Takashi Miike's latest starts as a tense thriller, quickly becomes a tedious morality play.
By Keith Uhlich Mon May 20 2013
Shield of Straw
It's a hell of a pitch: A filthy rich elderly man takes to all of the newspapers and the internet, urging the entire Japanese populace to kill the child molester who murdered his granddaughter. The reward? One billion yen. The criminal, Kunihide Kiyomaru (Battle Royale's Tatsuya Fujiwara, still eerily babyfaced) turns himself in to the police where he thinks he'll be safest. A task force is quickly assembled to transport the prisoner to Tokyo. It's headed by Kazuki Mekari (Takao Osawa), who's still mourning the premature death of his wife at the hands of a drunk driver, and Atsuko Shiraiwa (Nanako Matsushima), a no-nonsense female detective angling for a promotion. The problem? Anyone they encounter along the way could be an assassin. Instant nail-biter, right?
Unfortunately, no. Pretty much all of the action in prolific Japanese director Takashi Miike's distended Shield of Straw comes up front (the picture peaks with a vehicle-demolishing sequence in which a nitroglycerine-loaded truck plows through a police convoy). The rest of the running time is given over to mostly monotonous moralizing about vengeance, principles, and what a life—even that of a killer—is worth in the grand scheme. Miike tries to manufacture suspense by casting suspicion on the motives of every member of the task force, especially our heroes Mekari and Shiraiwa. Yet the film is too slickly formless and dully shapeless for any tension to take hold.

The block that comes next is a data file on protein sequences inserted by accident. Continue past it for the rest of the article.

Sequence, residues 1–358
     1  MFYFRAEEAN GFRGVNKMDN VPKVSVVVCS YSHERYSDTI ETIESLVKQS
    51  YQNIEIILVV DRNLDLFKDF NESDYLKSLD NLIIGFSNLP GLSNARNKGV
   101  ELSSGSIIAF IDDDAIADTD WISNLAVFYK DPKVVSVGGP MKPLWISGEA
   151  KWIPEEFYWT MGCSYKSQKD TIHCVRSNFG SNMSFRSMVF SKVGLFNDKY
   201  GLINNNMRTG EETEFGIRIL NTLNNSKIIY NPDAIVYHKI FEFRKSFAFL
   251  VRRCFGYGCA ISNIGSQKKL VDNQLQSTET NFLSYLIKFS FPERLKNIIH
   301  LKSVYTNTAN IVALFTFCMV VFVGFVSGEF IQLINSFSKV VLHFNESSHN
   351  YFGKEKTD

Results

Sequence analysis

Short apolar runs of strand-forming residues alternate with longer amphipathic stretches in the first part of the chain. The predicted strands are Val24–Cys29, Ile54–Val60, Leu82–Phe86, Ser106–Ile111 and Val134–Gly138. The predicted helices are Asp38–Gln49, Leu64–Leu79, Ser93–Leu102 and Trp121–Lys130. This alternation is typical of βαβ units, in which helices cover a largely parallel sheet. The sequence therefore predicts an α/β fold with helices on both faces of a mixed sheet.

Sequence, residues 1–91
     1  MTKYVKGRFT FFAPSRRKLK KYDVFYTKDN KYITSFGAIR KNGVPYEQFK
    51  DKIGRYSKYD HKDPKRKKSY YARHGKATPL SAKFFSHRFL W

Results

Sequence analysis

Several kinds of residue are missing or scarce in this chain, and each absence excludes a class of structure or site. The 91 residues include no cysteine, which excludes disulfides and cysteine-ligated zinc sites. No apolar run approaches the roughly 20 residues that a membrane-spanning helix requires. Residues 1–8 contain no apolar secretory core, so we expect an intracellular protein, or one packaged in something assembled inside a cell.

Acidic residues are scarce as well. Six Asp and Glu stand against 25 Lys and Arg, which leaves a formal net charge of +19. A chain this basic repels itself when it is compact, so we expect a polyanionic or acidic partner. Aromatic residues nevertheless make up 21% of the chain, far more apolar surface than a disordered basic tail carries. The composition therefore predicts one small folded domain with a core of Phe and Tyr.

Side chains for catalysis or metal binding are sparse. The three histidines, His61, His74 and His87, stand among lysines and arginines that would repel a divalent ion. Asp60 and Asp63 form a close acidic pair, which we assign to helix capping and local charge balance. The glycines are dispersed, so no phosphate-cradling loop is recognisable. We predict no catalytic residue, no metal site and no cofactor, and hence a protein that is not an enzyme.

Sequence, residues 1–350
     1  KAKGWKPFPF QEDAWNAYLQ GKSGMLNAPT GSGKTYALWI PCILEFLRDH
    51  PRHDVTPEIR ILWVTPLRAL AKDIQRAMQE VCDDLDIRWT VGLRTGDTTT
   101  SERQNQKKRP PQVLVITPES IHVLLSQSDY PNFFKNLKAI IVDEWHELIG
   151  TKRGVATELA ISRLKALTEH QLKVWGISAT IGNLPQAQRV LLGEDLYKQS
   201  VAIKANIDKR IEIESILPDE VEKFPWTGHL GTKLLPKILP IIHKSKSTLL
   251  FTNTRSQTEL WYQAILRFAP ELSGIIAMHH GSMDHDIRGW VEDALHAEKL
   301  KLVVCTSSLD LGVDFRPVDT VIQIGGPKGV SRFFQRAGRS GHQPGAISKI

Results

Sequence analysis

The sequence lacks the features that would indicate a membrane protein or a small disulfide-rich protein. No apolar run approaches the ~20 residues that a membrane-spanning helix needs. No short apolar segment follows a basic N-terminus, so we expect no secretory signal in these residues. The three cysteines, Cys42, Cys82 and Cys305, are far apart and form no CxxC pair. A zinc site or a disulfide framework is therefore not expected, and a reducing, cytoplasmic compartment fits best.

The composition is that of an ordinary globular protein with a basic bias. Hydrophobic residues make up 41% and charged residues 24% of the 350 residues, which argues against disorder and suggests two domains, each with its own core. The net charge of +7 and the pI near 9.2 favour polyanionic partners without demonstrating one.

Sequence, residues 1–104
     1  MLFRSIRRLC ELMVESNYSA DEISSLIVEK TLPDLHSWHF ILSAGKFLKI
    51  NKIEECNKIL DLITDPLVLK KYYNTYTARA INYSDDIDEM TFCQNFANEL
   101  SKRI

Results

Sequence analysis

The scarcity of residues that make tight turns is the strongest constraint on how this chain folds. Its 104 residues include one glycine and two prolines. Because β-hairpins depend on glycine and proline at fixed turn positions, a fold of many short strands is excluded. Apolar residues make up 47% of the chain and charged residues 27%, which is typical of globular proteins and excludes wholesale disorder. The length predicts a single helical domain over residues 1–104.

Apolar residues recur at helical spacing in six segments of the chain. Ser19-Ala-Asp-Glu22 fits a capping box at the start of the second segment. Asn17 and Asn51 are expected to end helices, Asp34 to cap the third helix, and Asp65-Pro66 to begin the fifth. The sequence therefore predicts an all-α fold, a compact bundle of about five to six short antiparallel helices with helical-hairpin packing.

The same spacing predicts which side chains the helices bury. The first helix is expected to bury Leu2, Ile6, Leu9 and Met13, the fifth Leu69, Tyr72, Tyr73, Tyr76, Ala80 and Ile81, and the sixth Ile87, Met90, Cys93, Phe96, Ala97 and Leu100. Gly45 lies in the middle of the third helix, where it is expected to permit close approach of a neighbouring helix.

Compared to Miike's rigorous, searching and very underrated 3-D samurai drama Hara-Kiri (2011)—itself a movie concerned with exploring codes of honor and the all-consuming lust for revenge—this is lowest-common-denominator gibberish that follows an extras-crowding, helicopter shot-abusing arc to a leaden finale. (Imagine a Sergio Leone face-off drained of all humor and apprehension, flabby as stretched taffy instead of boundlessly taut.) But there is an occasional glimpse of a deeper film, such as a scene in which the task force's oldest member (Masatô Ibu, lending some welcome gravitas) quietly comes to terms with the dark impulses of human nature, his own included, after failing to talk down a distressed would-be assassin. Otherwise, this is a real slog—the first competition film I've seen with barely anything to recommend.